FIG. 5 illustrates an embodiment of operations performed by the firmware controller 10 to process an update to target data already written to the non-volatile memory device 12 a or 12 b using the firmware controller 10 interfaces. Upon receiving (at block 150) of an update, the firmware controller 10 writes (at block 152) the update to the target data to the faster write access non-volatile memory device 12 b, such as in the NVRAM cache 38. If (at block 154) there is a copy of the target data in the fast access first memory device 12 a, such as data of the type 30, 32, and 36, then the firmware controller 10 invalidates (at block 156) a copy of the target data in the memory device 12 a. At some point, the firmware controller 10 copies (at block 158) the target data from the memory device 12 b including the update to the memory device 12 a. The copying from the non-volatile memory device 12 b to non-volatile memory device 12 a may be performed as part of a background operation during low system utilization to batch copy updates to data in the non-volatile memory device 12 a. After copying the data to the non-volatile memory device 12 a, the firmware controller 10 invalidates (at block 160) the target data in the memory device 12 b copied to the memory device 12 a.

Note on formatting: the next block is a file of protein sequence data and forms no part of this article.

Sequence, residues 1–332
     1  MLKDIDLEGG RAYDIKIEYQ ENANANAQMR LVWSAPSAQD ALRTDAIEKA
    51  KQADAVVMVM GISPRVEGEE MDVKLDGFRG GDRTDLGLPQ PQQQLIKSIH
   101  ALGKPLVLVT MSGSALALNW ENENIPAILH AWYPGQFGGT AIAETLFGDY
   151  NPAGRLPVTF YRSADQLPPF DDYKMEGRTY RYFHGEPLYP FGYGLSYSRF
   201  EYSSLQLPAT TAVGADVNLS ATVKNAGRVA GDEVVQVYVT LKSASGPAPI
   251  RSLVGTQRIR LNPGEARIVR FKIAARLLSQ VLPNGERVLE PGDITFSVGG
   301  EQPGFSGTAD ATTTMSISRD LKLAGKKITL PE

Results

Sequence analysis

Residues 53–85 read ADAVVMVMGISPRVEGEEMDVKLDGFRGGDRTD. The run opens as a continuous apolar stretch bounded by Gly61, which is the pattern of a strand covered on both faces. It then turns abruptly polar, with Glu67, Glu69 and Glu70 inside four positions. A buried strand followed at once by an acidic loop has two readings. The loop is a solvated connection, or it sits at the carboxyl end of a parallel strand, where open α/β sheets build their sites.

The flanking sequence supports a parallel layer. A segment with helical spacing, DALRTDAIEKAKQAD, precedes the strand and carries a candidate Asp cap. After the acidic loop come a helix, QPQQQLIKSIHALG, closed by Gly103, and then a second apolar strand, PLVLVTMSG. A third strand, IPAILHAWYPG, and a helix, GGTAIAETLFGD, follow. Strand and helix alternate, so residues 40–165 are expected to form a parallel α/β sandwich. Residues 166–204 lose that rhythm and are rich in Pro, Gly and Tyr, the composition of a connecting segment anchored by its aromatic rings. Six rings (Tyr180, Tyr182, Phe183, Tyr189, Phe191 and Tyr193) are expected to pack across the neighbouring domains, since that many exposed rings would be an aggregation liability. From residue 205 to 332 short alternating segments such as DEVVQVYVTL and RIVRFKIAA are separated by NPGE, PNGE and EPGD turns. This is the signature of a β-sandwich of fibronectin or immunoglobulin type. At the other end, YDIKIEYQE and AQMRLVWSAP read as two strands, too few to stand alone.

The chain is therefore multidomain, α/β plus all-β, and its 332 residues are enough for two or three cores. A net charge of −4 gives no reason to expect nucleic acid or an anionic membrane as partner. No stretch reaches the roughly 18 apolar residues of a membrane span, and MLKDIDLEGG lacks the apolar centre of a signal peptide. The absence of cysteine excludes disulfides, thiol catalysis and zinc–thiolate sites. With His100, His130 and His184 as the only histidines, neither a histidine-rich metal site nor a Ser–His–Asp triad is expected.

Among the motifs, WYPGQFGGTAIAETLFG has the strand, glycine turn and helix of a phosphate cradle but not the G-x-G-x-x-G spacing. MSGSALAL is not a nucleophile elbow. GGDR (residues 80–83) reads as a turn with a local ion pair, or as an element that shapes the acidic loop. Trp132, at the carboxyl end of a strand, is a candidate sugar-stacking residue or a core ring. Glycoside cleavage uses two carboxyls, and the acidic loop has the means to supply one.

If (at block 154) there is not a copy of the target data maintained in the non-volatile memory device 12 a, then the data is not copied over to the non-volatile memory device 12 a. In one embodiment, if the update is maintained in an NVRAM cache 38, then the firmware controller 10 may copy the updates to the location where the data is stored as system data 40, such as an error log.

FIG. 6 illustrates an embodiment of operations performed by the firmware controller 10 to process a read request from the operating system 8 or an application program for data in one of the non-volatile memory devices 12 a, 12 b. The request may request a name of the data, e.g., a file name, record name, data name or an address. Upon receiving (at block 180) a read request to data, if the firmware controller 10 determines (at block 182) that the requested data is in the faster read access non-volatile memory device 12 a, then the data is accessed (at block 184) from the non-volatile memory device 12 a. Otherwise, if (at block 182) the requested data is not in the faster access non-volatile memory device 12 ab, then the firmware controller 10 accesses (at block 186) the requested data from the second non-volatile memory device 12 b. The accessed data is returned (at block 188) to the operating system 8 initiating the request.

The described embodiments provide techniques for maintaining data in multiple non-volatile memory devices 12 a, 12 b, where one device has superior read access performance and the other has superior write access performance. The described embodiments provide operations to optimize between both reads and writes for data stored in the first and/or second non-volatile memory devices.